“Basic” Celtic (Irish, Scottish, Welsh) Naming Traditions:
--- Oldest Son: named after the Father’s father
--- 2nd Son: named after the Mother’s father
--- 3rd Son: named after the Father
--- 4th Son: named after the Father’s oldest brother

--- Oldest Daughter: named after the Mother’s mother
--- 2nd Daughter: named after the Father’s mother
--- 3rd Daughter: named after the Mother
--- 4th Daughter: named after the Mother’s oldest sister

--- 2nd Wife’s Oldest Daughter: usually named after the first wife, using her full name
(often follows for subsequent husbands too)

The Gregorian Calendar:   Another  thing we must keep in mind was the change in the calendar on September 2, 1752.   And if it’s frustrating to us, imagine how frustrating it was to our ancestors!   On that day:
September 14, and  September 3 - 13, 1752 never existed
New Years was moved from April 1 to January 1.  
The day following September 2, 1752 was September 14. This was done to correct a minor error in the Julian Calendar that left untended would eventually shift the calendar in relation to the seasons.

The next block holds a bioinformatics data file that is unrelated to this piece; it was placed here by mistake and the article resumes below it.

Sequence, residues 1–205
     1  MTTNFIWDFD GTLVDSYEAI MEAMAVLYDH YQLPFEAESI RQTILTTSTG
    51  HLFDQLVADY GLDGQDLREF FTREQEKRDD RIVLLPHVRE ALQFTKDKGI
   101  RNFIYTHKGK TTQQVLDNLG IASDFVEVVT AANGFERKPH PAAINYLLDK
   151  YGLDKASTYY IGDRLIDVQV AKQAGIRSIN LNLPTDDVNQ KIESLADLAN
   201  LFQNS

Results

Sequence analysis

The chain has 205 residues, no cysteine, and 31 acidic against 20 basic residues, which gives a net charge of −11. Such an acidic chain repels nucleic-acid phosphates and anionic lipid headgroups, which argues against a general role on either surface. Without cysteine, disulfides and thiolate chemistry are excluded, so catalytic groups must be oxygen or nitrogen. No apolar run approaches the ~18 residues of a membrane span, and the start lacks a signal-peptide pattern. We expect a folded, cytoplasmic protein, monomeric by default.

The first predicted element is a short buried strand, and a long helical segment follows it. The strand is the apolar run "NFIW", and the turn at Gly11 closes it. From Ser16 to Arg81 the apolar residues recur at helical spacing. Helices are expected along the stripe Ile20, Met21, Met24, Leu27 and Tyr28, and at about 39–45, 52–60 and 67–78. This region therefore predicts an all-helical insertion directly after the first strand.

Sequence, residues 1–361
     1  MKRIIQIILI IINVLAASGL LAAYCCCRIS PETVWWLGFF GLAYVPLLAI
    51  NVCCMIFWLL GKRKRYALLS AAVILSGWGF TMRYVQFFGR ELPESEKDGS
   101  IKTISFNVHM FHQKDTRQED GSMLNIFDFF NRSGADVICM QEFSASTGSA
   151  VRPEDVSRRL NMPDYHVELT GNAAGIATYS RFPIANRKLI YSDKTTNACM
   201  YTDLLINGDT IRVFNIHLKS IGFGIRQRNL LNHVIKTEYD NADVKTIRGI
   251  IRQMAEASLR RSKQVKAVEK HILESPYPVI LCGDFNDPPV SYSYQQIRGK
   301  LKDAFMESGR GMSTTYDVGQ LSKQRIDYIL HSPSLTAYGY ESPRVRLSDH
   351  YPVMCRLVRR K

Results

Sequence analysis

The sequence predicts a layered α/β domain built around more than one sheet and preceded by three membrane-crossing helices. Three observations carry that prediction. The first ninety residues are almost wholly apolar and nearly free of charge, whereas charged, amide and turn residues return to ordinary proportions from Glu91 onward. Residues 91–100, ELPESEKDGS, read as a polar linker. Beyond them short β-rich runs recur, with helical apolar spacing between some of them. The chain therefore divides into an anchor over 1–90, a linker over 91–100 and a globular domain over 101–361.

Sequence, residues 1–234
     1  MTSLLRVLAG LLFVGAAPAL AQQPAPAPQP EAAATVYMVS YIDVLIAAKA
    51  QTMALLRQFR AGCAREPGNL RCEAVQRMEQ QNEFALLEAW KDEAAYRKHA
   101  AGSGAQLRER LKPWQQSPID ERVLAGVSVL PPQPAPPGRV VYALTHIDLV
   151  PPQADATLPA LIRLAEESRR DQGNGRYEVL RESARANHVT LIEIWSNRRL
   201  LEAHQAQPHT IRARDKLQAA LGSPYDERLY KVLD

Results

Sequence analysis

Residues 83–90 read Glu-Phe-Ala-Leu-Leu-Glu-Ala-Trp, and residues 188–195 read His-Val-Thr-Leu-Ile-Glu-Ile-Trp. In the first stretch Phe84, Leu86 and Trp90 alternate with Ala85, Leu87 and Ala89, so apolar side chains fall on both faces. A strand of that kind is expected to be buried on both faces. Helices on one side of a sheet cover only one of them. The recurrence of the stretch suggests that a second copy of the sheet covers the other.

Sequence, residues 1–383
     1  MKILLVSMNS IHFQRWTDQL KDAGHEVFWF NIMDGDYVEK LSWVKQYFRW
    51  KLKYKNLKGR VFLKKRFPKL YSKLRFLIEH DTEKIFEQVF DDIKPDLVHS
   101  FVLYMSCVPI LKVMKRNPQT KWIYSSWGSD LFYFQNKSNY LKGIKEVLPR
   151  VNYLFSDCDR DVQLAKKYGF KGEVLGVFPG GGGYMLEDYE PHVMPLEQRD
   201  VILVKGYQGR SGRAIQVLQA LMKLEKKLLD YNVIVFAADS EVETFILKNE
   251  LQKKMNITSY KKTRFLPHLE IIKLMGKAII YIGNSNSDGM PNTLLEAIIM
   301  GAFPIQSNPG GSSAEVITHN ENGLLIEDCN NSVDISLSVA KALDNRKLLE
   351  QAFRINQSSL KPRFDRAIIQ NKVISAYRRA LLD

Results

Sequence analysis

Proposed by an Italian physician, Aloysius Lilius, and perfected by Christoph Clavius, the Gregorian Calendar (from Pope Gregory) was adopted by Italy, Spain, and Portugal in February, 1582 by a Papal Bull. Catholic German States changed from the Julian to Gregorian calendar in 1583. Lutherans in Germany did not adopt the new calendar until 1699. Other states took longer: England, who adopted the calendar in 1752; Sweden, 1753; Japan, 1873; China, 1912; and Greece, 1923.
The Julian calendar, which had been introduced 45 years before Christ, was a refinement of earlier Roman calendars. Interestingly, the Gregorian Calendar does have a flaw, but this only accounts for one day every 4000 years.

This website is not complete.   Many other families will be added, as time permits.   Also posted are pdf files of all of my notes, and/or some family trees, especially for persons of interest, or as a means of providing copies of notes that are too large to post here.   

Site never complete.  It’s a work in progress!
Virginia Sanders-Mylius
2112 Haden Street
Birmingham, AL  35226

To my sweet and precious grandchildren:  Savannah and William